The State Highway Administration has wiped its slate clean and will be starting anew on plans to repair Route 24 through Rocks State Park – this time promising to work in concert with a contingent of scientists, planners, environmentalists, elected officials and citizen activists.
During the first meeting of the DNR/SHA Advisory Committee for MD 24-Rocks Road, held Thursday night in Bel Air, Kirk McClelland, director of the Office of Highway Development for SHA, announced that SHA would reset its Route 24 proposal and consider new alternatives for the project.
“We’re starting this project over again,” McClelland said. “We’re starting fresh.”
In its initial proposal, SHA planned to deal with the continued erosion of the banks of Deer Creek by moving the roadbed of Route 24 as much as 20 feet away from the water, which would require deforestation and blasting of the rocks in the park.
Once those SHA plans were made public, opposition came swiftly and significantly. The Save the Rocks community group [of which this author was a founding member] quickly organized to inform the public and, in less than two months, Save the Rocks amassed more than 8,600 online supporters and forced the hand of SHA to postpone its Route 24 project until at least this fall. Under SHA’s original proposal, the agency was expected to be bidding out its blasting contract by now and was prepared to close Route 24 for more than three months this summer when the detonations and roadwork were set to begin.
With SHA’s project postponed, Harford County Councilman Chad Shrodes, with the blessing of County Executive David Craig, formed the DNR/SHA Advisory Committee for MD 24-Rocks Road – a 20-person group is comprised of members of SHA, Department of Natural Resources, Harford County Division of Agriculture, U.S. Army Corps of Engineers, Lower Susquehanna Heritage Greenway, Deer Creek Scenic Advisory Board, Deer Creek Watershed Association, Izaak Walton League, and Save the Rocks.
On Thursday night, Shrodes welcomed the committee, which he called a “dream team” group who would get “a second shot to do it the right way.”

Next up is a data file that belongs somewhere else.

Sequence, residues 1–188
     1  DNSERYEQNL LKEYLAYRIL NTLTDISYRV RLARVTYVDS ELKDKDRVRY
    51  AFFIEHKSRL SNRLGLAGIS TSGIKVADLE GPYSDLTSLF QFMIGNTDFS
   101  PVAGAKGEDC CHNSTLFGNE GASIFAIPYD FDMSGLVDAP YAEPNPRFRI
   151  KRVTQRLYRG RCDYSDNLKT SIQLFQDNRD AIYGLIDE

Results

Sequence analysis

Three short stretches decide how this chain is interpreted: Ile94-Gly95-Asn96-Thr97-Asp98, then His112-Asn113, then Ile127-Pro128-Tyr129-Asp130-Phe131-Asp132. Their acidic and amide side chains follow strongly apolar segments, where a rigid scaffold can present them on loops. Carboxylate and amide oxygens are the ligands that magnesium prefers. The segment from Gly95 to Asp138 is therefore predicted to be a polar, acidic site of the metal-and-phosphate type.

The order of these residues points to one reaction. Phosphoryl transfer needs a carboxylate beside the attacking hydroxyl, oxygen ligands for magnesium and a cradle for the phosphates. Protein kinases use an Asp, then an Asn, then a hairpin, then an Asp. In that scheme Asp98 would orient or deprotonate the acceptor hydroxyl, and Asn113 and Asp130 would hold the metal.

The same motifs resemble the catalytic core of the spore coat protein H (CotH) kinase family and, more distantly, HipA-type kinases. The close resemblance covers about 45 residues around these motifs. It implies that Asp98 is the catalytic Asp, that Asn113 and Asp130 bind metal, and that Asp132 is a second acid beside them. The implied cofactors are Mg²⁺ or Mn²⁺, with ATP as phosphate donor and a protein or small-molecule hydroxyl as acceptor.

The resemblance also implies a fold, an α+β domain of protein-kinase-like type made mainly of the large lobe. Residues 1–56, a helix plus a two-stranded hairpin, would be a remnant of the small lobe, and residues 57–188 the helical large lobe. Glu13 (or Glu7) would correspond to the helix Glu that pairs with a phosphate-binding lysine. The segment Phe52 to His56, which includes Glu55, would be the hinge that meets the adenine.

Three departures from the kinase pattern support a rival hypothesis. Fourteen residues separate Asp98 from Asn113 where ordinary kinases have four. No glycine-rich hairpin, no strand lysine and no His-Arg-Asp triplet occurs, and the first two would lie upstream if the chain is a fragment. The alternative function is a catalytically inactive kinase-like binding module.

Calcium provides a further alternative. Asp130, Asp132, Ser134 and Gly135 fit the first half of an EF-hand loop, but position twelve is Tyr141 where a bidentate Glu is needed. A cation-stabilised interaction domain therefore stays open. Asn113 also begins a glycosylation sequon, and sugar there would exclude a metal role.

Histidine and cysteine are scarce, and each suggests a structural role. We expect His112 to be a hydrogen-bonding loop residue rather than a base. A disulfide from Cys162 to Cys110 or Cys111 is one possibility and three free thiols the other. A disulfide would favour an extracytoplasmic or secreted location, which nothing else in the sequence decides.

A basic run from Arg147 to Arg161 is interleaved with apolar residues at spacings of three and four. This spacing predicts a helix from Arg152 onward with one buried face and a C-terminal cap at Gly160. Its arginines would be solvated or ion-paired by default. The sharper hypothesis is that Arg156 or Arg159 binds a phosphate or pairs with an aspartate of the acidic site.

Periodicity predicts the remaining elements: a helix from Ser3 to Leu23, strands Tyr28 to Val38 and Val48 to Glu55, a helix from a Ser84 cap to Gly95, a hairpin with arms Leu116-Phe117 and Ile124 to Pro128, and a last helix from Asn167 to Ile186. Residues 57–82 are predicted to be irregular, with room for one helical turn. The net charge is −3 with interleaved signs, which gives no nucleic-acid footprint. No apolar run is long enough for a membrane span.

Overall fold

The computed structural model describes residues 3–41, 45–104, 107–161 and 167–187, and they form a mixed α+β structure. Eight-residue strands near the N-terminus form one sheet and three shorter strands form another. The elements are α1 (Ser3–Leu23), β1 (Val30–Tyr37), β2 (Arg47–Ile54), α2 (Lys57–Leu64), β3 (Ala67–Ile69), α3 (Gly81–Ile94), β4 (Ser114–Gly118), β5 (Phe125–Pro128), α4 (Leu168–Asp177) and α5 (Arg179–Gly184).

“We may have gone down the wrong path initially, but we have a clean slate and I know we can do this,” he added.
McClelland and the SHA staff in attendance wouldn’t go as far as admitting their agency went down the wrong path with its Route 24 proposal, but did say more could have been done to facilitate a better project.
“If we’re guilty of something, it’s not casting the net wide enough,” McClelland said, acknowledging SHA should have solicited more feedback from Deer Creek and Rocks stakeholders early on in the process.
A Safe Road
Despite earlier claims by SHA that Route 24 through Rocks was a relatively dangerous road in need of realignment, widening, and straightening, McClelland pointed out Thursday that Rocks Road is actually considered a safe road.
From 2006 through 2008, along the entire length of the portion of Route 24 under study (only 2.4 miles), there were 34 crashes. Eleven of those crashes were attributable to speed, six were blamed on inattentive driving, and six due to wet road conditions.
McClelland said Route 24 through Rocks State Park is actually below the statewide average for accidents on two-lane rural roads.
Additionally, only two of those accidents involved trucks, which led McClelland to assert that, “we don’t believe trucks are an issue through this area.”
McClelland also attempted to dispel several rumors he’s heard that Route 24 will be expanded into multiple lanes to accommodate heavy traffic use from the north. He said Route 24 is not identified for any future expansion and all future work on the road will be limited to operational/safety needs and maintenance.